In his famous passage on love, Paul shifts our attention from the what to the how:
"If I speak in the tongues of mortals and of angels, but do not have love, I am a noisy gong or a clanging cymbal. And if I have prophetic powers, and understand all mysteries and all knowledge, and if I have all faith, so as to remove mountains, but do not have love, I am nothing. If I give away all my possessions, and if I hand over my body so that I may boast, but have not love, I gain nothing."
He’s not talking about the content of our arguments. He’s talking about the process. For Paul, it is not enough that we do “Christian” sorts of actions, no matter how great they are. We must act in a Christian style — with love.
Christian arguments, then, should reflect this style. They should be patient and kind. They should not be boastful or arrogant or rude.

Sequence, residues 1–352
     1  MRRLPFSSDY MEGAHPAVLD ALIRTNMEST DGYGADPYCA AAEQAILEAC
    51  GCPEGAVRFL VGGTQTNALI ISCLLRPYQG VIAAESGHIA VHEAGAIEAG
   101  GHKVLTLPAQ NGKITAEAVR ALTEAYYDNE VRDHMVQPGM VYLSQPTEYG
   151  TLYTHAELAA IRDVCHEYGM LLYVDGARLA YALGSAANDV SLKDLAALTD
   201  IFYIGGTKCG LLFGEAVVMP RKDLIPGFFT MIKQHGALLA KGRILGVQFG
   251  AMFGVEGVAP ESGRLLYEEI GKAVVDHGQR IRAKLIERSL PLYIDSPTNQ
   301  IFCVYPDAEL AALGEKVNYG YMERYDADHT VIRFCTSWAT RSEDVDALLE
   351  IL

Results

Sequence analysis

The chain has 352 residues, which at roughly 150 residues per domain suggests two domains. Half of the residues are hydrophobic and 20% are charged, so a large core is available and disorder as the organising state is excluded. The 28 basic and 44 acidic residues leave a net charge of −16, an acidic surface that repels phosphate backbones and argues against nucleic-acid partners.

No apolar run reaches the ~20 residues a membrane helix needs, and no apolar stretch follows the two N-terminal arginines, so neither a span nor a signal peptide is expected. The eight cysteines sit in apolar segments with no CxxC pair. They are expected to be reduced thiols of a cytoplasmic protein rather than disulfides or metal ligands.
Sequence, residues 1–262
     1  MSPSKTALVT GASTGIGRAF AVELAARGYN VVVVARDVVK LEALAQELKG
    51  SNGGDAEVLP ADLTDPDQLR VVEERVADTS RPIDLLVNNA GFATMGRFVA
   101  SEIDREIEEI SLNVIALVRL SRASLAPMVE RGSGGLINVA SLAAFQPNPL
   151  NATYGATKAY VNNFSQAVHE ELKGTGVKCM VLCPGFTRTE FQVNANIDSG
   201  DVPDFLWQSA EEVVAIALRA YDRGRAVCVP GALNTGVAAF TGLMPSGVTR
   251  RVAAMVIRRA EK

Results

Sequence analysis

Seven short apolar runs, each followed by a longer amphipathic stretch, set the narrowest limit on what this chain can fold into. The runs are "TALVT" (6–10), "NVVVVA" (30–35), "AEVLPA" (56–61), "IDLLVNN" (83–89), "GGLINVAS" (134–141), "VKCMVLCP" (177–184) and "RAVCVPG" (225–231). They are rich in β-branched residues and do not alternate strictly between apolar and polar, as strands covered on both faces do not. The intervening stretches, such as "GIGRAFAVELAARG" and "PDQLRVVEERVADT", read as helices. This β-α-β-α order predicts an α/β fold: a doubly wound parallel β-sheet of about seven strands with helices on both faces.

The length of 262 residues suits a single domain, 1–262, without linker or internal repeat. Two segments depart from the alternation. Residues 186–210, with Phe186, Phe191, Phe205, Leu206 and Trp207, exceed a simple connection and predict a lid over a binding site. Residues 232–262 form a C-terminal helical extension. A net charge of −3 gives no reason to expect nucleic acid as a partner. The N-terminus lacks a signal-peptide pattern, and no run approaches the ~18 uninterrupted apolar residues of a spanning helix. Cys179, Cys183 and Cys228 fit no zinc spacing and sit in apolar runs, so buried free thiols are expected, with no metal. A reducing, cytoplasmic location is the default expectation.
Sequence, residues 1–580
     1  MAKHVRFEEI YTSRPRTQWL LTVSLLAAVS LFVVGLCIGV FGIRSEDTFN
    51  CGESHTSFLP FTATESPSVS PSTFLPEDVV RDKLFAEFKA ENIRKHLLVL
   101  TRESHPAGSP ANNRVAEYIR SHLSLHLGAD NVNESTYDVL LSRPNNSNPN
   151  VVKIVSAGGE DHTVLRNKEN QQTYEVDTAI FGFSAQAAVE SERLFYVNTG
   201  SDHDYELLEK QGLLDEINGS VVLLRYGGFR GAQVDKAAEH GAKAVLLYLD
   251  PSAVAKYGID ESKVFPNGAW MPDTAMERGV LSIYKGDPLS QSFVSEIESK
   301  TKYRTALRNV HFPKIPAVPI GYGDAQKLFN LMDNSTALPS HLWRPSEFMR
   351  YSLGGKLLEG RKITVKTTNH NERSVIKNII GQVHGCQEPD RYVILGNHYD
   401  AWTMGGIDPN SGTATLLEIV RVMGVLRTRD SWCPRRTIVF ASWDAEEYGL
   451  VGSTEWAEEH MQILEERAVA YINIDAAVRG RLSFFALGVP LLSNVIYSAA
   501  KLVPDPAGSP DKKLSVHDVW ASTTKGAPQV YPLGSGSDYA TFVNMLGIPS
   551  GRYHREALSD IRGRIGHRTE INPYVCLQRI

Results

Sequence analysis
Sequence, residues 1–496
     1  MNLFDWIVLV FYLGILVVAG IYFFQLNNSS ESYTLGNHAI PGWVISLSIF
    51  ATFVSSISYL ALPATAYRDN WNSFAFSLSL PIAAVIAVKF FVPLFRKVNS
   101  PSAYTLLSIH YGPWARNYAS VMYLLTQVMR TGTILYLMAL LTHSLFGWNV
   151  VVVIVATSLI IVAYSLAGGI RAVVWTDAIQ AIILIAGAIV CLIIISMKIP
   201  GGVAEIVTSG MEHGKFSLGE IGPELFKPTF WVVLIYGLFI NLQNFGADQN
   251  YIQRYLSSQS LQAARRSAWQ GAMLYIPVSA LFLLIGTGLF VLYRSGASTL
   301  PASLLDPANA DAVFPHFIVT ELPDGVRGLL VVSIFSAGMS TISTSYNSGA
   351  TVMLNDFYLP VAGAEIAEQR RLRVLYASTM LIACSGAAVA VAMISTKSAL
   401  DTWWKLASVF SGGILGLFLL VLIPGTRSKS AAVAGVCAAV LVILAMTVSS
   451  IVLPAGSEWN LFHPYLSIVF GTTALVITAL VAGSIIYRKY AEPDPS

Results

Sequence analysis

But the reality of our Scriptures and the reality of our God is that love can — and in some cases, should — be tough. This love sees that there must be space for righteous anger. It recognizes that patience can too easily become a luxury for the privileged. We believe in a God who gets angry on behalf of those he loves. We believe in a Jesus who overturns tables in the temple courts.
The problem is that most readers of this article will applaud at either the thought of a kind, patient argument or at the thought of a tough, angry argument. The trick is to deeply desire both.